How you (and Lincoln, FDR, and JFK) can help write this year's inaugural address.

The inner workings of Slate.
Jan. 16 2009 7:59 AM

Help Obama Write His Inauguration Speech

How you (and Lincoln, FDR, and JFK) can help write this year's inaugural address.

If you've ever wanted to be a presidential speechwriter, now's your chance: Click here to collaborate with Washington, Lincoln, and JFK—as well as other Slate readers—to write this year's inaugural address. Created in partnership with MixedInk, this feature is called "The People's Inaugural Address," but even the title itself is open to change.

Here's how it works: When you click on the link, you will be taken to a site where, once you register, you can start writing your own speech. But you won't be writing alone. As you compose, MixedInk's technology will search for similar words and turns of phrase from all 55 previous inaugural addresses, as well as contributions from other users, and tell you if anyone has had similar thoughts. You can then incorporate these into your own speech (or decide to stick with your own words). You'll also be able to search for useful snippets of text yourself. The technology keeps track of authorship, and when you're done, you can share your speech with others, who can then borrow (or ignore) your handiwork as they see fit. They can also rate your speech and comment on it.

At the end of this process, which will last about two weeks, Slate will publish the speech with the highest rating. (We may publish a few interim versions as well.) Maybe it will be the one you wrote—with a little help from Jefferson, Madison, and FDR. And maybe President-elect Obama will decide to borrow from your speech—at least that part where you quote Lincoln—when he delivers his inaugural address on Jan. 20.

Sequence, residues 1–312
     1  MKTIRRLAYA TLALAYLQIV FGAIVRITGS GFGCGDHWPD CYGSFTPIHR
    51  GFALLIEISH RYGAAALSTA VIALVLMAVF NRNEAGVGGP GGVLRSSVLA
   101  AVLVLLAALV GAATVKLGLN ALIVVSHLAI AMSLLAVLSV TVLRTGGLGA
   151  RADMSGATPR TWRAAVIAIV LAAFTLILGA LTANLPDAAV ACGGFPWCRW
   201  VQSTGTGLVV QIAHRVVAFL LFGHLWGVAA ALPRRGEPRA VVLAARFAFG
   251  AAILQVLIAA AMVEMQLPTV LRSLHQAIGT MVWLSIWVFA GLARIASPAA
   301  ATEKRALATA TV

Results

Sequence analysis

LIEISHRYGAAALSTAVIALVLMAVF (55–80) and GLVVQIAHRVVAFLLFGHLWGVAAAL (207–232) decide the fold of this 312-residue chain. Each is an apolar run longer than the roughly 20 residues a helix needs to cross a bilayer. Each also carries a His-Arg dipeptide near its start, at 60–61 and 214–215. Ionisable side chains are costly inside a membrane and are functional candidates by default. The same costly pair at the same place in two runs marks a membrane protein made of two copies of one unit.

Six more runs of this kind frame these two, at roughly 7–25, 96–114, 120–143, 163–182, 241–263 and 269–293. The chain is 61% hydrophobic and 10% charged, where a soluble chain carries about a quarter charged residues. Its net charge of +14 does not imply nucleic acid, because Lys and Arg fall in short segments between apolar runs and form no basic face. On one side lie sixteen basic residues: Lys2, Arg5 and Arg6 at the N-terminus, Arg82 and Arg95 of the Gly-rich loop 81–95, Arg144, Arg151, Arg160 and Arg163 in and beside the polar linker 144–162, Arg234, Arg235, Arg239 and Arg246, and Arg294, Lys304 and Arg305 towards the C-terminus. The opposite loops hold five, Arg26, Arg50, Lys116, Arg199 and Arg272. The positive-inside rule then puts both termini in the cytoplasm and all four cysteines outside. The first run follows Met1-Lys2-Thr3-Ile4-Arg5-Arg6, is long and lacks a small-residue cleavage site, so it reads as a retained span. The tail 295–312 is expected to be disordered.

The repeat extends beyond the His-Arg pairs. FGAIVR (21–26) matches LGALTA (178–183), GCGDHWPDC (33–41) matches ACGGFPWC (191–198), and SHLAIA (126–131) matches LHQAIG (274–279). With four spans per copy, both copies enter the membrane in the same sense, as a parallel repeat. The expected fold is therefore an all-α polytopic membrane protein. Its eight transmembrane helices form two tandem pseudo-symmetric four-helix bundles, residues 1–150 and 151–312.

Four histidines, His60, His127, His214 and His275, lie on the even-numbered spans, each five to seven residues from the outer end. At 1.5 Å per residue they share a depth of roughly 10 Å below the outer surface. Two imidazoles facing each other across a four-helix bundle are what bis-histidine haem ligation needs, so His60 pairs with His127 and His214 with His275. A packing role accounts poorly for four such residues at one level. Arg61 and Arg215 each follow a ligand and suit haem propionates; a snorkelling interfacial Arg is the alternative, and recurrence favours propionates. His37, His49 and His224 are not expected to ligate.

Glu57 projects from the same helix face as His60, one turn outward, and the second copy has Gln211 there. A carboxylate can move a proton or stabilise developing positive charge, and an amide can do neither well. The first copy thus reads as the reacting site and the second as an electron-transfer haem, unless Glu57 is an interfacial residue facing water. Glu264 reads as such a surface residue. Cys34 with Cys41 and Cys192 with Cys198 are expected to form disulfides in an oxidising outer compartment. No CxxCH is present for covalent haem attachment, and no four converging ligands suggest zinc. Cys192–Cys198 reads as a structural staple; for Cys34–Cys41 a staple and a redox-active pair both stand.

TODAY IN SLATE

Doublex

Crying Rape

False rape accusations exist, and they are a serious problem.

Scotland Is Just the Beginning. Expect More Political Earthquakes in Europe.

No, New York Times, Shonda Rhimes Is Not an “Angry Black Woman” 

Brow Beat
Sept. 19 2014 1:39 PM Shonda Rhimes Is Not an “Angry Black Woman,” New York Times. Neither Are Her Characters.

The Music Industry Is Ignoring Some of the Best Black Women Singing R&B

How Will You Carry Around Your Huge New iPhone? Apple Pants!

Medical Examiner

The Most Terrifying Thing About Ebola 

The disease threatens humanity by preying on humanity.

Television

The Other Huxtable Effect

Thirty years ago, The Cosby Show gave us one of TV’s great feminists.

Lifetime Didn’t Find the Steubenville Rape Case Dramatic Enough. So They Added a Little Self-Immolation.

Why Men Can Never Remember Anything

The XX Factor
Sept. 19 2014 1:11 PM Why Men Can Never Remember Anything
  News & Politics
Weigel
Sept. 19 2014 5:19 PM Washington’s Acting Roles
  Business
Moneybox
Sept. 19 2014 3:24 PM Why Innovators Hate MBAs
  Life
Inside Higher Ed
Sept. 19 2014 1:34 PM Empty Seats, Fewer Donors? College football isn’t attracting the audience it used to.
  Double X
The XX Factor
Sept. 19 2014 4:58 PM Steubenville Gets the Lifetime Treatment (And a Cheerleader Erupts Into Flames)
  Slate Plus
Slate Picks
Sept. 19 2014 12:00 PM What Happened at Slate This Week? The Slatest editor tells us to read well-informed skepticism, media criticism, and more.
  Arts
Brow Beat
Sept. 19 2014 4:48 PM You Should Be Listening to Sbtrkt
  Technology
Future Tense
Sept. 19 2014 5:03 PM White House Chief Information Officer Will Run U.S. Ebola Response
  Health & Science
Medical Examiner
Sept. 19 2014 5:09 PM Did America Get Fat by Drinking Diet Soda?   A high-profile study points the finger at artificial sweeteners.
  Sports
Sports Nut
Sept. 18 2014 11:42 AM Grandmaster Clash One of the most amazing feats in chess history just happened, and no one noticed.